stepped back in terror.

But the youth ignored him completely. He banged
the lectern again and again, until surprised faces turned in
his direction. "Stop fighting! Stop immediately!" he

For a moment his fellow students stopped in sur-
prise, and the soldiers took advantage of the opportunity
to regroup. Then someone from the crowd called out:
"Have you gone mad, Reuven? Shall we let our precious
books be plundered?"

"Shall we let them burn our holy Torah?" cried

"My brothers, stop and think!" Reuven persisted.
"You are rebelling against the king! We shall all be killed,
and our books will be burned nevertheless!"

"We shall die to sanctify God's name!" broke in
another, but his friends hushed him.

"And all the Jews of the kingdom will be expelled,"
continued Reuven. "Our saintly teacher, our parents, the
aged, children, even babies. Who will take such a heavy
responsibility on his shoulders?"

The soldiers watched in surprise as the youths
bowed their heads in silent agreement and began to back

away. Then the soldiers returned to their task of rounding
up the books. Next Reuven turned to the crier and
pleaded with him not to report the incident to the king.

The crier pulled himself together, stood very
straight, and tried to salvage what remained of his pride.
"How dare you make such a request!" he thundered.
"Why, you are guilty of rebellion against His Majesty. You
will all be sentenced to death, and the yeshiva will be
closed. The absurdity of putting your lives in jeopardy over
a bunch of old books!"

"No, you don't understand," whispered Reuven,
pained. "It was a natural outburst over the desecration of
that which is most holy and precious to us. Our Torah is
the essence of our life. If a royal decree would order your
mother to be burnt at the stake, wouldn't you react

The crier stroked his thick moustache and shrugged
his shoulders in wonder. "You Jews are strange people,"
he said. And he strode proudly out of the yeshiva.


FOLLOWING the soldiers' departure, the yeshiva

was strangely silent. The stunned youths walked

aimlessly about, as if in mourning. With numbed

senses they stared uncomprehendingly at the

I empty bookshelves.

Soon Jews from the surrounding neighborhood
began to stream in. They reported that soldiers had
entered all the Jewish homes in Paris and confiscated all
the holy books they found. Even Rabbi YechiePs wonder-
ful library had not been spared. Many rare manuscripts,
including the teachings of the geonim of Babylonia and the
great sages of Germany, France, and Spain, had been
ruthlessly carted off to be burned.

It was a crushing blow. No one who saw the mourn-
ful students would have believed that only a short time ago
they had been eagerly preparing for a shiur. In their shock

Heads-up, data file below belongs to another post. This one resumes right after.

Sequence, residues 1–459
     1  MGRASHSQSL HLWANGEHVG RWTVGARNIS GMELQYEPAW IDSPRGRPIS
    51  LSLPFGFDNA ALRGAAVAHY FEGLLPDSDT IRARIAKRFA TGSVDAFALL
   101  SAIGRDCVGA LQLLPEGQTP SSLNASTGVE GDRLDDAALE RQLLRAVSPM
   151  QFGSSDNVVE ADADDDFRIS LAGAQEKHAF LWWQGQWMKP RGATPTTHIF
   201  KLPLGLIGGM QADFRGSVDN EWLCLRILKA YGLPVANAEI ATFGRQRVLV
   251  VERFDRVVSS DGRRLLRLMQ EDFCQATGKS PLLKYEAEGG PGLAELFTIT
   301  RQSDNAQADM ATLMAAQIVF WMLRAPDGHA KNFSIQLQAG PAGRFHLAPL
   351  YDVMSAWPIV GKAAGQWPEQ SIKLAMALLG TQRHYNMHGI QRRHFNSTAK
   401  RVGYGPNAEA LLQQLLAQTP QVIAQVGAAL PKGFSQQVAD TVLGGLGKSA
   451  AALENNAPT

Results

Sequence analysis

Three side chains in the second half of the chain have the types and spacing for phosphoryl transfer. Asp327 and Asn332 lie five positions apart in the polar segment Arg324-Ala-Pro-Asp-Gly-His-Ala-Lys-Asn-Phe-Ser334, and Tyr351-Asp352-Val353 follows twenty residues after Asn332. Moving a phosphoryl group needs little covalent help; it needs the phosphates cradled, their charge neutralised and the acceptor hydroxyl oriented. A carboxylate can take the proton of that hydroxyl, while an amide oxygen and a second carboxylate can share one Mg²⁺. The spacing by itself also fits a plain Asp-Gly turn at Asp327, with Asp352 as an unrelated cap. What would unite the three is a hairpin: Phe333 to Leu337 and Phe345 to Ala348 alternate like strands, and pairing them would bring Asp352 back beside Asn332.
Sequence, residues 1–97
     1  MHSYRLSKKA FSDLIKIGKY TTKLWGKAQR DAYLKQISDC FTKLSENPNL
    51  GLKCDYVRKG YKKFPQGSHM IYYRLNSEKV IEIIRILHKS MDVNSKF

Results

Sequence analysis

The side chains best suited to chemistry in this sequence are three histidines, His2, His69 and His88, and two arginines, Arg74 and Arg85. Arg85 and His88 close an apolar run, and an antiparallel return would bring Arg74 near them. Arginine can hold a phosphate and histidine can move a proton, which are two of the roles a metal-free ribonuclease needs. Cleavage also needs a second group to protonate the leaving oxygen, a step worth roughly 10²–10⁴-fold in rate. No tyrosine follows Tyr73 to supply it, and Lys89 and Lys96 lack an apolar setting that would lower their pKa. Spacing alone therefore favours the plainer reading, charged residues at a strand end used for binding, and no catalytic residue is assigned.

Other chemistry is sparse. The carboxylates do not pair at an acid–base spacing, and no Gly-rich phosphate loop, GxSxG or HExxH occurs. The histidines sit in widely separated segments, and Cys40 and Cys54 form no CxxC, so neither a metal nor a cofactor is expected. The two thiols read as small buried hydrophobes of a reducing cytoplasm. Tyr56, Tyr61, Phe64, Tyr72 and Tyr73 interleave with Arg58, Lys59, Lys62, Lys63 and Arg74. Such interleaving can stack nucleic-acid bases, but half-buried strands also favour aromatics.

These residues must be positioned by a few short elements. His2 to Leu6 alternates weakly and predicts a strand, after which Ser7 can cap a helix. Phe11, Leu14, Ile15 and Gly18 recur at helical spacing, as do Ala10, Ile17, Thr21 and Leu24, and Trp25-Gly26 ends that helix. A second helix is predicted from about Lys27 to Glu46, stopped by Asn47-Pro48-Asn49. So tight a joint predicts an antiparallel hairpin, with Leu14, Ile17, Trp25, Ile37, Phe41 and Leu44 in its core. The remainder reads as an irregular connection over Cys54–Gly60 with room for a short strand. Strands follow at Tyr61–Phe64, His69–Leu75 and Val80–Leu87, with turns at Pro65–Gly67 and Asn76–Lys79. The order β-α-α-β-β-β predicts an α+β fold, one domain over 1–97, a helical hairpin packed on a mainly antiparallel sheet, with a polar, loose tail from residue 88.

and grief, all was now forgotten. But one person did

A ripple of excitement passed through the yeshiva.
The youths stopped their aimless walking and stood

respectfully in their places.

In the doorway stood Rabbi Yechiel, wrapped as
usual in tallit and tefillin. He stood tall and straight, but his
face was pale, his cheeks hollow, and his eyes red. Still, he
radiated holiness.

For a long moment he surveyed the hall, taking in the
shocked and confused youths, the overturned lecterns,
the empty bookshelves. Then his gaze fell upon the aron
kodesh. Even there the soldiers had searched for hidden
books. The parochet was off, as on the Ninth of Av, and
the doors of the ark were still open, exposing the Torah
scrolls which had miraculously been spared. No one had
the presence of mind to close the aron.

Rabbi Yechiel continued to stand in the doorway
while his disciples watched him with growing anticipation.
He made his way slowly to the aron kodesh, while all eyes
followed him.

The sage ascended the three wooden steps to the
podium and approached the open ark. He embraced the
Torah scroll closest to him and buried his face in its velvet
mantle. Was he pleading with God to nullify the evil
decree? Was he invoking Divine mercy for the Jewish
people? Or was he perhaps demanding an end to the
torments of exile?

The answer was not long in coming. Rabbi Yechiel's
shoulders shook. He was weeping! Within seconds, the
entire assembly broke out in unrestrained cries. When the
general outburst subsided, the sage kissed the Torah
scrolls, closed the doors of the ark, and returned the
parochet to its place. Then he turned to face his audience.

"My sons," he began in a whisper, "my dear sons...
a thousand years ago, a similar decree was issued. The
Roman government forbade the Jews to learn Torah. In
Tractate Avoda Zara, the Gemara tells us that Rabbi
Chanina ben Tradyon was found learning Torah and
teaching it to a large group while carrying a Torah scroll in
his bosom. As punishment, the Romans wrapped him in
the scroll and tied him with ropes of tendrils which they set
on fire. Then they placed wads of wool soaked in water on
his heart to prolong his agony.

"'Father,' cried his daughter, 'is this the reward for
Torah study?'

'"If I alone were being burned,' he answered, 'yours
would be a difficult question. But since I am being burned
together with the Torah, He Who avenges the Torah will
also avenge me.'

"Then his disciples said to him, 'Rabbi, what do you
see?' and he replied, 'The parchment is burning, but the
letters are floating in the air/

"Two questions were asked of Rabbi Chanina. One
was asked by his daughter... who was concerned about
her father. The second question was that of the disciples,
who were concerned about the fate of the Torah.
"For the two questions, there are two answers.
"Our exile in France is dark and bitter. We have felt
the blind fury of the Crusaders, and we live in constant
fear. Persecution, heavy taxes, even expulsion, are our lot.
Yet despite all this, the Torah continues to shine forth from
hundreds of holy kehittot and dozens of yeshivot, for our
people aspire to eternal life. And even if we ask from the
depths of our broken hearts 'Is this the reward for Torah
study?' we know that our suffering comes as a result of our

"But since now it has also been decreed that our
Torah be burned, we may take some comfort in Rabbi
Chanina's reply to his daughter: He Who avenges the
Torah will avenge us as well."

The sage's voice rose.

"But the second question arises: What will happen
now? When Rabbi Chanina, the teacher of multitudes, was
burned together with the Torah scroll he carried in his
bosom, his disciples asked, 'Rabbi, what do you see? What
will happen now?'

"He saw the parchment burning while the letters
floated in the air, and he explained: The Torah is eternal,
and we have been promised that it shall never be forgotten
from amongst our people. Even if the gentiles burn the
parchments, the letters are not consumed. We shall
gather the floating letters, engrave them in our hearts, and
bequeath them to our children after us!"

Indeed, despite decrees of destruction in the past,
the Jewish People adhered stubbornly to their Torah, firm
in the belief that the Torah is a tree of life for those who
cling to it. Rabbi Yechiel's disciples, too, would prove to
their enemies that they were faithful sons of a stiff-necked
people  a people brave, proud, and righteous.